My first experience of death in fact, was seeing a body pulled from the water on a busy beach in a sheltered bay in Bandol, in the South of France. A woman had got in to difficulties and drowned within 20ft of the shore and thousands of people.

Whilst crewing on the 40m MV Welsh Liberty in 1995, our vessel simultaneously lost steering due to water ingress and the engines failed due to dodgy fuel whilst in restricted waters off the coast of Somalia. There was a war going on at the time and fire fight broke out over head. We were bailing with buckets round the clock in shifts for nearly 24 hours. I don’t remember being scared, in the heat of the moment focus was 100% on keeping us afloat and getting the engines back. That was quite surreal.

Also on the Welsh Liberty, I remember being on “Pirate Watch” in the Seychelles, patrolling the decks with a stout iron bar. I was feeling pretty tough and ready for anything, until suddenly, several search lights blinded me completely and I heard 3 or 4 powerful outboards screaming towards our vessel. Within seconds I could make out 4 open motor launches each crammed with a dozen or so men, all armed with rifles, all pointed at me. Needless to say, I was pretty terrified. This was not the few locals in a pirogue I had imagined successfully seeing off! They were screaming at me and I made out that they wanted to speak to the Captain. As it turned out, they were not pirates at all, but the police!! Apparently, our Captain had failed to follow proscribed check in procedures and they were convinced WE were pirates!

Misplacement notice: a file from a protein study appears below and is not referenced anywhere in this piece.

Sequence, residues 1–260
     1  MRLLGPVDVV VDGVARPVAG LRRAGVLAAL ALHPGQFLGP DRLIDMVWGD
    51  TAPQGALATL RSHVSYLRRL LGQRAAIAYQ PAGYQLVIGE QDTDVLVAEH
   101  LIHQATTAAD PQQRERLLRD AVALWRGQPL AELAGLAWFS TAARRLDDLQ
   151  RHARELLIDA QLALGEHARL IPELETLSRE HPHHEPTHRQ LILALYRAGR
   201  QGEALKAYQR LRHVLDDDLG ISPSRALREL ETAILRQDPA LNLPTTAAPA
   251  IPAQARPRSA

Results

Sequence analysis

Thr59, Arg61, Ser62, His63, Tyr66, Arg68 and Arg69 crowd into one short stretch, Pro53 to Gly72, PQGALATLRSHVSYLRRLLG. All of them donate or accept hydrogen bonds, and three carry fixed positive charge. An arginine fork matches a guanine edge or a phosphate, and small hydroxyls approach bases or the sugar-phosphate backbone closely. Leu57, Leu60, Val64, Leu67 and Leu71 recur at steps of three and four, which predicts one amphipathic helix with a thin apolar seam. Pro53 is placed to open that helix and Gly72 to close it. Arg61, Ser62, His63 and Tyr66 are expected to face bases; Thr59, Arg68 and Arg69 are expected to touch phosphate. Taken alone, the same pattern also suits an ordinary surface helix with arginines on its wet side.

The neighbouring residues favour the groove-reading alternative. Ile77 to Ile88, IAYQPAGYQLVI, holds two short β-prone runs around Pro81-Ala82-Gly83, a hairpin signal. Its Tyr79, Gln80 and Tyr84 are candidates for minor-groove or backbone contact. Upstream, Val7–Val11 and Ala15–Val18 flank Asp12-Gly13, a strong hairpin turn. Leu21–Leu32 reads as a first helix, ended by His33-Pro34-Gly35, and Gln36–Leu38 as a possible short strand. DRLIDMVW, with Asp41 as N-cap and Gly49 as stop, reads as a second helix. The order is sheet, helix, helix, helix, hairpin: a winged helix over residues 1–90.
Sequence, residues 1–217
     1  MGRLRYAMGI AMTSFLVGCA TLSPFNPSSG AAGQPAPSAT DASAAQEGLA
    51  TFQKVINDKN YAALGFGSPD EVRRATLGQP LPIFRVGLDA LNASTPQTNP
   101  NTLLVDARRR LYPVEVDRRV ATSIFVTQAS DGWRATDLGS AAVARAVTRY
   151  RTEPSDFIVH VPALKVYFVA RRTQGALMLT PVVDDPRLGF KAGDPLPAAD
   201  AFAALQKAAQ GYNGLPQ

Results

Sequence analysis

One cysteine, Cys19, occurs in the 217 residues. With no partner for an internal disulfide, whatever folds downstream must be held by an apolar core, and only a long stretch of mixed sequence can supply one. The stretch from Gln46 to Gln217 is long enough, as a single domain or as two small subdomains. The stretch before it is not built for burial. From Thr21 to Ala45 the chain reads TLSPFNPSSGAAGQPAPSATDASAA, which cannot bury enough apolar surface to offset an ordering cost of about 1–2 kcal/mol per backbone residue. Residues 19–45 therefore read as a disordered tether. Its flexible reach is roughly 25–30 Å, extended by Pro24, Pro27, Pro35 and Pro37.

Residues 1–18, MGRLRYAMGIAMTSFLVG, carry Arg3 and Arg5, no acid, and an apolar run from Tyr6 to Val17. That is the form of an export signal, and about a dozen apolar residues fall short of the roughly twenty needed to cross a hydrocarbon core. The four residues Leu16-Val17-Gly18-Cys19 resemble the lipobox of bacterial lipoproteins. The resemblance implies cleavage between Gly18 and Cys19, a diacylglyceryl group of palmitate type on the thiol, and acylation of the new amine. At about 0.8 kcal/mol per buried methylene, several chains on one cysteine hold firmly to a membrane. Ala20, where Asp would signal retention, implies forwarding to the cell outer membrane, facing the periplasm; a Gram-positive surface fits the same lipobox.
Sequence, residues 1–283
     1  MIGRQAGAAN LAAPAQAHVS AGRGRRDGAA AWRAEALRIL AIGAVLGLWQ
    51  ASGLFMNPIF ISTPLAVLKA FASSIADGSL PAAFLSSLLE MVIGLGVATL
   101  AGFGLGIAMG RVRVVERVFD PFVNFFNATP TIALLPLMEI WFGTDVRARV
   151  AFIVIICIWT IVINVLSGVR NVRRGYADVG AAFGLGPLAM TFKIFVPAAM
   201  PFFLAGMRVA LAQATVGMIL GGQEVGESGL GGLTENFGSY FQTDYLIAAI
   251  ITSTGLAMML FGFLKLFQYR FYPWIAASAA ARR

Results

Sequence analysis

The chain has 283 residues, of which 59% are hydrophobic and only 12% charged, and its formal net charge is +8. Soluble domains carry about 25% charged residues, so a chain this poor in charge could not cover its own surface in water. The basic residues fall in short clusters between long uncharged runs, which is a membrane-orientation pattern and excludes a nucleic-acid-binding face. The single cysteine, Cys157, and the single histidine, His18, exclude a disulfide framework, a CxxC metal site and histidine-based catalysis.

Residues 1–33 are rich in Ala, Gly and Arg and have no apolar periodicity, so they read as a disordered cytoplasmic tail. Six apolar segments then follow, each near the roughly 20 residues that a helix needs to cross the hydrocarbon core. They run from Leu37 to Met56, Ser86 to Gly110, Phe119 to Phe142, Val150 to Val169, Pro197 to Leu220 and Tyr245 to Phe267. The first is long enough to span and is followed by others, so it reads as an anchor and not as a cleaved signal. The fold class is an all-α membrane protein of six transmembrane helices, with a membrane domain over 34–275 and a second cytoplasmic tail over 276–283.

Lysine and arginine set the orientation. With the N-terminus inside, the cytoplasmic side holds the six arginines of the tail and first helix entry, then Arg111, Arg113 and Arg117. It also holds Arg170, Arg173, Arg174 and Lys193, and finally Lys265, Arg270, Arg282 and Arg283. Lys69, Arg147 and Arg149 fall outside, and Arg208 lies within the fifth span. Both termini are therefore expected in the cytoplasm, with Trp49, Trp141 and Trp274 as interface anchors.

On another occasion, on the 40m SV Twirlybird, we were hit by a hurricane (steady 60 – 70knts, gusting 80knts and 20 meter seas) while crossing the Atlantic. The first mate went overboard and was saved by the fact he was clipped on, we hauled him back onboard, but he was in shock and out of it for 24 hours. A deckhand broke his hand trying to collect a sheet and the waves were up to the second spreaders on this 40m vessel. That was definitely quite interesting.

In an altogether different category however was Monday 20th November 2017.  I was crossing the Martinique / St. Lucia channel with Fiona, Chloe and Poppy on our current boat, the SV Lasgair. It was blowing 20/25knts and the sea state was moderate. We were half way across when my wife discovered water in the passageway outside the engine room. On investigation, I found we had over 100 gallons of water in the bilges half way up to the sole boards. I had only checked 45 mins or so before, so I knew water was coming in fast. I was convinced a generator water hose had failed and that we were pumping sea water in to the boat. Unfortunately, 10 minutes, after killing the generator and despite bailing with buckets and running the bilge pumps, the water level was still rising or at least, was not going down, it was hard to tell in the swell. Due to the level of water, I could not find where it was coming in. At this point, by coincidence, 2 hydraulic steering hoses failed in the steering pedestal, and we had hydraulic fluid, mixed with sea water sloshing around inside the boat. With all the sole boards up, it was quite dangerous down below and my wife slipped and badly gashed her shin. Now we added blood to the mix of oil and water. I was still sailing toward St. Lucia, hoping we could keep the water level from rising long enough to make it to land and maybe beach her.